Tuesday, November 24, 2015

Fort Lauderdale Building Owner Takes Financial Hit As City Commission Saddles Property w/ Historic Status Designation; City Offers No Program To Compensate Owner For Lost Property Value

In Fort Lauderdale, Florida, the South Florida Sun Sentinel reports:
  • A piece of the city's history was saved Tuesday — over the objections of its owner. City commissioners awarded historic status to the former Towers Apartments building, a 1925 Mediterranean Revival structure by famed architect Luis Abreu.

    The building, currently the Towers Retirement Home at 824 SE Second St. in the Beverly Heights community, operates as an assisted living facility for people with mental health issues. The historic designation was requested by the Broward Trust for Historic Preservation. Property owner Mark Nelson said it would create an economic hardship for his family.

    "If the city thinks the building is that important, I would be willing to sell it to you at fair market value," Nelson said, questioning its historic value. "It's an ugly, square commercial building."

    Commissioners sympathized with Nelson and were concerned about possibly infringing on his property rights, but said the building was clearly historic and met the city's requirements for designation.

    Only Vice Mayor Robert McKinzie voted against the action. "I can't support the ordinance because it's someone's property rights," McKinzie said.

    Other commissioners approved the measure with reservations, asking city staff to bring them options showing ways that might be of help to Nelson and others put in a similar position. "I think we need to look for some type of solution to help the property owner," Commissioner Bruce Roberts said.

    The move comes after commissioners recently rejected historic designations for a pair of 1930s beach properties that are going to be torn down to make way for a new AC Hotel by Marriott.

    Mayor Jack Seiler said those situations were different because of alterations made to the buildings over the years and because the neighbors seeking the historic designations were just as interested in blocking the hotel's development. "Those were of questionable historical value. They were of questionable historical significance," Seiler said. "This building's different."

    The Towers building features barrel tile, stucco facades, square columns, conical towers and a central courtyard, all typical of its style. It was the largest apartment building in Broward County for years and catered to a wealthy clientele of snowbirds.

    Its designation doesn't prevent changes to the building, but requires those changes to be approved by the city's Historic Preservation Board.

    Steve Glassman, president of the Broward Trust, encouraged commissioners to work with Nelson to see whether tax abatements, tax credits or other assistance is available. "Not designating this site would be unconscionable," Glassman told commissioners.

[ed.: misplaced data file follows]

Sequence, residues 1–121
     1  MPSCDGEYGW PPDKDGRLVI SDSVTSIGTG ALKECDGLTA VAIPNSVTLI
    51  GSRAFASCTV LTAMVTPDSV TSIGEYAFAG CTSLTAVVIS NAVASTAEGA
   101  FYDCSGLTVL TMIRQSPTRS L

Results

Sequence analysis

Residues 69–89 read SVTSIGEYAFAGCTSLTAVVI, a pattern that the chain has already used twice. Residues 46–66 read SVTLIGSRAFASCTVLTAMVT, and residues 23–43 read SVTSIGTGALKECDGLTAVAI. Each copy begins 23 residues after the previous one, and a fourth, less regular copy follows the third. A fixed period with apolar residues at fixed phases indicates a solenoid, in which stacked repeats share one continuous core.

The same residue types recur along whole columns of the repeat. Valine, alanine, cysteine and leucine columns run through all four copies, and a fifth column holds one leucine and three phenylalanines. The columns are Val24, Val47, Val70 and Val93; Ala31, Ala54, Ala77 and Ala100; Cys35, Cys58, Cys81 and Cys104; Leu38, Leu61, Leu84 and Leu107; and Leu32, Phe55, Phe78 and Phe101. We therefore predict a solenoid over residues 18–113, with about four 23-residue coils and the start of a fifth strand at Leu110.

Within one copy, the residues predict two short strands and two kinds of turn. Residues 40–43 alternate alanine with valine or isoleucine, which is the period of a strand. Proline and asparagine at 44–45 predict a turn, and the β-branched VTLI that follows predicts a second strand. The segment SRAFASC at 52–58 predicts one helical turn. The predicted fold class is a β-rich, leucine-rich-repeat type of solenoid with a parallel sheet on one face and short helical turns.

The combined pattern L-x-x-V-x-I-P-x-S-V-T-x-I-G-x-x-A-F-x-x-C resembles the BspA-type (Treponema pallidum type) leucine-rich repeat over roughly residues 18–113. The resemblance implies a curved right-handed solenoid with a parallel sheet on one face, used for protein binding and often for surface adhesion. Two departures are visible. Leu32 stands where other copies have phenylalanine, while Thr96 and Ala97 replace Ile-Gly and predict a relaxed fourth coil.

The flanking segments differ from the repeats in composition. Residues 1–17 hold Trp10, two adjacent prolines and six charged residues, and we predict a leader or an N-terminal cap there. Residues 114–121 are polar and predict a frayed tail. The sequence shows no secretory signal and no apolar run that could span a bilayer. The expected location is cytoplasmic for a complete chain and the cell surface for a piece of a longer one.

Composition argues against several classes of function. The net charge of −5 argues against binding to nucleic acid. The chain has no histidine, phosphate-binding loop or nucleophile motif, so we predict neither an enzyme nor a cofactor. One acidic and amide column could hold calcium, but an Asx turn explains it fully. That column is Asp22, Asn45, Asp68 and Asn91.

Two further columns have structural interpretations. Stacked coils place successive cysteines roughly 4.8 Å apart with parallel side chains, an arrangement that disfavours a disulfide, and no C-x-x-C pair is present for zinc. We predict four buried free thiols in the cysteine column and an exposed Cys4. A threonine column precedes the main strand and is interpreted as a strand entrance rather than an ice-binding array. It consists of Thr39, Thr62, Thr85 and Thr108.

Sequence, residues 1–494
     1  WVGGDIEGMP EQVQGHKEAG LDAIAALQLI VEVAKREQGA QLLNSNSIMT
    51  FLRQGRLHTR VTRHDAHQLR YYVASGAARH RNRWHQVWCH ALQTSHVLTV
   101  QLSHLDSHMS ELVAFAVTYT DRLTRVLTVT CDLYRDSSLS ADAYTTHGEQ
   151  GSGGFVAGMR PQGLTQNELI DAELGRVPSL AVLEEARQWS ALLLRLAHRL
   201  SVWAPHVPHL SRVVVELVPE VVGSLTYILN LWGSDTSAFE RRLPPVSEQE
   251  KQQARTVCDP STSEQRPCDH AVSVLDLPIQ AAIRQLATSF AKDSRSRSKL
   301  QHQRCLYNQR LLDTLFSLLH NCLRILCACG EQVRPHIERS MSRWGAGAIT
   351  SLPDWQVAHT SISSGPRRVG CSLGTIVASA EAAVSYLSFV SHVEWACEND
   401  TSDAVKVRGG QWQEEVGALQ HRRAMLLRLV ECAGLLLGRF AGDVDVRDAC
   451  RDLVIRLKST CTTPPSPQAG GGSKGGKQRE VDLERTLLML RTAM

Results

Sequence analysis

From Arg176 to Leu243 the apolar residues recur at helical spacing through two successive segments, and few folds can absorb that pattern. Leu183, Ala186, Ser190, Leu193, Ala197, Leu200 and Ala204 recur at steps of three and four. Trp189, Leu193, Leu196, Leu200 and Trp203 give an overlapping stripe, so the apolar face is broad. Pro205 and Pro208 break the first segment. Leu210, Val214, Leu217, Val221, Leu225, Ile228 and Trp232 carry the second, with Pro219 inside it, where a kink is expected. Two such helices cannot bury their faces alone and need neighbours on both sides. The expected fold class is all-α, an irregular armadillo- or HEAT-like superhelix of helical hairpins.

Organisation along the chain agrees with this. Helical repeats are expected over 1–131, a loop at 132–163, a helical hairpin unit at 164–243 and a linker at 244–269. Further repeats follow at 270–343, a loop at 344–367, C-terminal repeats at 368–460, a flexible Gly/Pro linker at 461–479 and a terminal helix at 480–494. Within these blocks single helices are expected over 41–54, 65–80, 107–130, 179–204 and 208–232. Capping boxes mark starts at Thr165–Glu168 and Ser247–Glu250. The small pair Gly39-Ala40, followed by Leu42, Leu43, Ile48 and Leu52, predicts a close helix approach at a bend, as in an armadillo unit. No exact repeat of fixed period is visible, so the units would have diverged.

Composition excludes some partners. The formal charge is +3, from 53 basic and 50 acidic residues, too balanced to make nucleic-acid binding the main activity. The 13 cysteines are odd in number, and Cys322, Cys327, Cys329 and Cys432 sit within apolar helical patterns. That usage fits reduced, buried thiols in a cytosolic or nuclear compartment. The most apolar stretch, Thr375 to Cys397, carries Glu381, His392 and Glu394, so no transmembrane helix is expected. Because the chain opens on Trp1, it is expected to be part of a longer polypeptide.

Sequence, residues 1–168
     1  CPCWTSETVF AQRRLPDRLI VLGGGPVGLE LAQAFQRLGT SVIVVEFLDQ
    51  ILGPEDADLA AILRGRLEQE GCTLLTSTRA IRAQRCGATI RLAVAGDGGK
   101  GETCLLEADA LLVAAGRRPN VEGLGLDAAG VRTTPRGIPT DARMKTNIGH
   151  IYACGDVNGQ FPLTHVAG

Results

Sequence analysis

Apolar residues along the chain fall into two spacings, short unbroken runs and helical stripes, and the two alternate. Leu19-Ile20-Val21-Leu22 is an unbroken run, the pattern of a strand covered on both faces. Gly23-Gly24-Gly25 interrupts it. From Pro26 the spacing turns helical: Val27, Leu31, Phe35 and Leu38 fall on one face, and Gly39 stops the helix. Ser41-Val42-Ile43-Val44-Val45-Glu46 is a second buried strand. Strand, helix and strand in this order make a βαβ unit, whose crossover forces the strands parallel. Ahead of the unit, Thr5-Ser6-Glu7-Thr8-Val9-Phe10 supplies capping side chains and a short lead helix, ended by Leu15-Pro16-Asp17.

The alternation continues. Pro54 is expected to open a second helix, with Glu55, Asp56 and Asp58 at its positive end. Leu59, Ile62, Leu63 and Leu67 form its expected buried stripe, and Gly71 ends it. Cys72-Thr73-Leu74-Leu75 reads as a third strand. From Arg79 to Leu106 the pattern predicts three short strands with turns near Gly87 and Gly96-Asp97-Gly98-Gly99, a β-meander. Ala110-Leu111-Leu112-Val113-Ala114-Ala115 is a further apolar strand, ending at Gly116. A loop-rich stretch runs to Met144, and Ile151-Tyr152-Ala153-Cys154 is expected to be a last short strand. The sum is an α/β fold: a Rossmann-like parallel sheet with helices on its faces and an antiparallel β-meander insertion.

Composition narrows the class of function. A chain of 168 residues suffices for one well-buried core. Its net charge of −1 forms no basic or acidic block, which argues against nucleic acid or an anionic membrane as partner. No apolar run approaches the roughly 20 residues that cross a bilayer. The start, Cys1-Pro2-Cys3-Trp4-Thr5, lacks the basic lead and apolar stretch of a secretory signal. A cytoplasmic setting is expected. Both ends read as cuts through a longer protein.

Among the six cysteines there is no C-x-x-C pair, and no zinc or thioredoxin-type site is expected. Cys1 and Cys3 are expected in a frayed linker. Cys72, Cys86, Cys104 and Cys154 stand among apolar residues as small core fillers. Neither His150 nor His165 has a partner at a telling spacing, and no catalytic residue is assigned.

Stephen Tilbrook, an attorney for Nelson, said potential buyers lose interest because of the historic designation. "It certainly impairs the value of the property," Tilbrook said. "This owner has had two contracts [to sell the property] that have been canceled since this application has been filed."
Source: Lauderdale retirement home gets historic designation.

See also, Lauderdale wrestles with preservation vs. property rights:
  • The city's preservation rules don't require an owner's consent for designation, but taking such a step has given commissioners pause because of the perceived infringement on property rights.

    "I have some serious concerns [that] anybody can file an application on anybody else's property," Commissioner Bruce Roberts said. "Personally, I don't think it's appropriate for somebody to come in and say, 'I'm designating your property historic and therefore you can't do anything to it until you go through A, B and C again.' I don't think that's correct."

    Preservationists say sometimes that's the only way a building can be saved when faced with an uncooperative owner.

    But Nelson said property rights need to be respected.

    "This has been a nightmare for me and my family," Nelson said. "It's nearly impossible to operate a business in this environment. We can't sell the property. We can't sell the business. We can't even freely improve our property."

    If the designation is approved, any alterations to the building would have to be approved by the preservation board. Preservation isn't cheap and the city has no program to compensate owners for lost property value.

    Nelson told the preservation board that he has had offers of $5.5 million for the property. He said potential developers were talking about tearing the building down, not restoring it, offers that he said would disappear if the building is given protected status.

    "What are they going to do for the property owners? What are they going to do to make this right?" Nelson asked. "They need to change the ordinance."

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